by Shelby Ahlborg
When they reach senior year, Cedarville art students begin preparing their final projects, the summation of everything they have learned over their years at Cedarville, whether it be an art piece, recital, or performance. Katie Gilbert, senior theatre major, has chosen to create and perform an adaptation of F. Scott Fitzgerald’s ‘The Great Gatsby,’ adapted by Simon Levy which will be 7 pm Friday, March 15th in Alford Auditorium.
The show consists of a nine-person cast, chosen by Gilbert, which is larger than the typical cast for a Senior Theatre Project. Her choice of the show came from mainly two areas: her love of the book, and the challenge the show provided.
“‘The Great Gatsby’ is a huge acting challenge, I think, for everyone involved,” Gilbert said. “And because STP’s are really just combining all the things you’ve learned, and putting them all together, and you have to put on a whole show yourself, I thought that would be a good show to challenge all the different areas. So, like, lighting’s kinda weird, and characters are hard, and it’s so flowy, the directing and staging has been a challenge. I wanted to be able to showcase everything, but also stretch myself, too.”
When actually getting into the logistics of creating the show, the way she wanted her rendition to be done, Gilbert dove deep into the characters, and helped her fellow actors do the same. While ‘Gatsby’ could be done as highly showy and glitzy, highlighting the mood and atmosphere of the 20s, she chose to make it more character and language driven, rather than a spectacle show. She said this came out of a desire to focus more on the underlying themes and characters themselves, rather than the flashiness of the era. The cast spent a whole month just getting together and asking questions about their characters, and figuring out thought processes and relationships. It proved to be extremely valuable, as it helped in blocking, with the cast knowing what their characters would be driven to do, knowing where their psyche was at during that particular point during the show. So, with a lot of table work and character development, and then a week and a half of blocking, the show came together.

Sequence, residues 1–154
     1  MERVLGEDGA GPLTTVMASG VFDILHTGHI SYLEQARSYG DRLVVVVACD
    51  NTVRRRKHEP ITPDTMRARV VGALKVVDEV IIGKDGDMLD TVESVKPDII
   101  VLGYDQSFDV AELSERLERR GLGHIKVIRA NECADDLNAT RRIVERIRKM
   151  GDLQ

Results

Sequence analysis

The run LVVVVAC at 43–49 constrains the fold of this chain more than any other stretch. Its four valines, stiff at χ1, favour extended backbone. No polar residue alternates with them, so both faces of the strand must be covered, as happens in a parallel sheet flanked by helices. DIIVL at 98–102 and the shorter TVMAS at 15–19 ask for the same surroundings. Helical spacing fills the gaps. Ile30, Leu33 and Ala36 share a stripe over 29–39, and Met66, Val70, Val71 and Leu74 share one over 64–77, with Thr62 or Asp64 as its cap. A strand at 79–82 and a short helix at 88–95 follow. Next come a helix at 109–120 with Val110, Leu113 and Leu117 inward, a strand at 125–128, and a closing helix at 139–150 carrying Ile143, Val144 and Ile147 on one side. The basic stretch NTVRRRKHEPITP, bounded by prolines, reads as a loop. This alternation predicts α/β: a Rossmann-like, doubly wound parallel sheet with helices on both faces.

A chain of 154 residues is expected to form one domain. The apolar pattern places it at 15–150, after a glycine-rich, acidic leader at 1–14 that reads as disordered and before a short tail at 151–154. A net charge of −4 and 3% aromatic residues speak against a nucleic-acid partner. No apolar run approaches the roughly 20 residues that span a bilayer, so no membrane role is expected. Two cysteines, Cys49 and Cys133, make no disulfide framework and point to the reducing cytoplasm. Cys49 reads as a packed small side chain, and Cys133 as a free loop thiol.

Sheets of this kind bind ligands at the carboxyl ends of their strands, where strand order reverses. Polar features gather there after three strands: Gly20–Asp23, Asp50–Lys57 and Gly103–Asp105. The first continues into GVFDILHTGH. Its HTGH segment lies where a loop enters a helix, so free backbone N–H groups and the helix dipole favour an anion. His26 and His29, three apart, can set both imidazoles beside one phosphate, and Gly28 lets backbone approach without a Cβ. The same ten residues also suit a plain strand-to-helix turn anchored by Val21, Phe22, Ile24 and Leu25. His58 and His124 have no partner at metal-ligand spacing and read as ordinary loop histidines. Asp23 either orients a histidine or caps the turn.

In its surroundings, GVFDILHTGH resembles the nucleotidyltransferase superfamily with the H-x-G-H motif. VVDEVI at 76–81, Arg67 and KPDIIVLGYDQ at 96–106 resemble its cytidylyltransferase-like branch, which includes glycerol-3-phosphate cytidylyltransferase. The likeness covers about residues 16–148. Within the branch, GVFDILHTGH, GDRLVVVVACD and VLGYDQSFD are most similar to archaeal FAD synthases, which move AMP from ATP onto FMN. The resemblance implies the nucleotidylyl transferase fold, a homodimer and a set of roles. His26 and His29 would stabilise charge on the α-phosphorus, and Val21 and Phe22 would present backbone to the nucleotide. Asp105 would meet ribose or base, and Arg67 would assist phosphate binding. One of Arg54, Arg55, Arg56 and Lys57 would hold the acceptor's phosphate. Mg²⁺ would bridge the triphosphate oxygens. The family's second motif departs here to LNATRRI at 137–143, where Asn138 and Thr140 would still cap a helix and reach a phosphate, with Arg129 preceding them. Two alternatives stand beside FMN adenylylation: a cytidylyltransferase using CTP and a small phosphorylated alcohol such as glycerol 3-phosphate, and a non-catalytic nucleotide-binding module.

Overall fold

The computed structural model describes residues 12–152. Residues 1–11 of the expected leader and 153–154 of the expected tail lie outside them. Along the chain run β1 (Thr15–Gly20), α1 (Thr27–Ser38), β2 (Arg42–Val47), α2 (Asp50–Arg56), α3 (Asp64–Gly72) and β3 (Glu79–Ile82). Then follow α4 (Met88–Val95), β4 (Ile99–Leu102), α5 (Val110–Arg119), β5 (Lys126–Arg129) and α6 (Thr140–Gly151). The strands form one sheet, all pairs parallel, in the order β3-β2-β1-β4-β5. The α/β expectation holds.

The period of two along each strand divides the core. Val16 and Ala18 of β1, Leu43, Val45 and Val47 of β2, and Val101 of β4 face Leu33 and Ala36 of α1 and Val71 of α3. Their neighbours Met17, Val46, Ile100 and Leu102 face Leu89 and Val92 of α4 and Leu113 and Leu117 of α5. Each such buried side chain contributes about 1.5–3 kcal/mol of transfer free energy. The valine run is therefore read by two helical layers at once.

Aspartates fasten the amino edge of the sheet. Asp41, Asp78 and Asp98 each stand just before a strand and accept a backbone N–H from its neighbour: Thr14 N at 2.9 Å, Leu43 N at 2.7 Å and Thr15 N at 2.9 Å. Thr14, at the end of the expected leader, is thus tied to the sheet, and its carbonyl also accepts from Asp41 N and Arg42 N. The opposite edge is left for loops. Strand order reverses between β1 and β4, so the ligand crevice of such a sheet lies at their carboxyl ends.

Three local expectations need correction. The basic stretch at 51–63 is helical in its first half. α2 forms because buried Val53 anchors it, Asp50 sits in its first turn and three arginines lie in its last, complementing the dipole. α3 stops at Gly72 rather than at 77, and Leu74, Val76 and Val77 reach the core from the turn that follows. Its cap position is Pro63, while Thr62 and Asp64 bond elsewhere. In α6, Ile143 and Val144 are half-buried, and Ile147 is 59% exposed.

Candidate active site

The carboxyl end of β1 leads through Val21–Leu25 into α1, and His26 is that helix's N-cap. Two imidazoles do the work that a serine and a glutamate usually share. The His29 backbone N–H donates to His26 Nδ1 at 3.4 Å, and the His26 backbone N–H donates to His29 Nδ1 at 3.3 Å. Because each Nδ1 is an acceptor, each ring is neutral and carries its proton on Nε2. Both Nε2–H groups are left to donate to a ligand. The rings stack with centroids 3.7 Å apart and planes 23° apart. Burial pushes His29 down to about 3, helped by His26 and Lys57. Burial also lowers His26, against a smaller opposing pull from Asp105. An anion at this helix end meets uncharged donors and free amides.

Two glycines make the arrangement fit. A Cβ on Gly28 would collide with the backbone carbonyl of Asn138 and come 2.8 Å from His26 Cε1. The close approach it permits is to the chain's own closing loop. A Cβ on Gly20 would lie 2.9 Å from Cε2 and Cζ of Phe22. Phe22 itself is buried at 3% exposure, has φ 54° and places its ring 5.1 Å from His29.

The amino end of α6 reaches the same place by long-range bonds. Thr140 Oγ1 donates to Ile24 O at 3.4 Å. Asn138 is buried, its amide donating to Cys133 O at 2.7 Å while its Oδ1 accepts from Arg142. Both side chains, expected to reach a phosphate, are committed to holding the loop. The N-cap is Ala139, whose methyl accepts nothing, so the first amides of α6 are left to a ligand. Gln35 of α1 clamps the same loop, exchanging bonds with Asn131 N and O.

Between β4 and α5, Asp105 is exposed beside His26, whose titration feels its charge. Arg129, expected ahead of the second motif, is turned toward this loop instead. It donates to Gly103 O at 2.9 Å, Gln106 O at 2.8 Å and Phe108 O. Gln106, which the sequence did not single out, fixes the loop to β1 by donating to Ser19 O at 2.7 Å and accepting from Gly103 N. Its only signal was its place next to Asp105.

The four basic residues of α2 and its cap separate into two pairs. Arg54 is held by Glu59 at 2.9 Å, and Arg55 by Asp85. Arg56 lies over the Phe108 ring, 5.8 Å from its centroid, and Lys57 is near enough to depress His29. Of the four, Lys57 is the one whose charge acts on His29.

Remy Patterson, Gilbert’s director, agreed with Gilbert’s method of high character development, especially when it came to relaying the underlying message of the show.
“There is almost a beauty in the sadness in the way these characters live,” Patterson explained. “Each of them put on this alternate rich persona of false happiness to impress those around them throughout the story. Understanding the depravity is really what drives the message and creates such an impactful ending.”
In the effort to make the performance her interpretation of the story, Gilbert has done her best to steer away from the film version, even though she loves and respects it entirely. However, she is not without inspiration.
“I’ve been doing a lot of reading and stuff lately about the time period, and women in the time period, and it’s been an inspiration for playing Daisy, because she’s a mother, and she’s a wife, and she’s also her own person. And it was in this time period where women were allowed to be their own person, but they were still oppressed. And so, just that story of so many women going through that in the past and telling that story in an honest way…giving them a voice. Because none of that is anything that I’ve ever been through, so I think that I’ve just been inspired by all of the hardships that everyone’s going through.”
After pouring months of work and thought into her final Cedarville performance, Gilbert and her cast have put together a wonderful show that should inspire and entertain those who come to see it.
Shelby Ahlborg is a sophomore theatre major and A&E writer for Cedars. She enjoys drawing, listening to movie scores and writing fiction stories.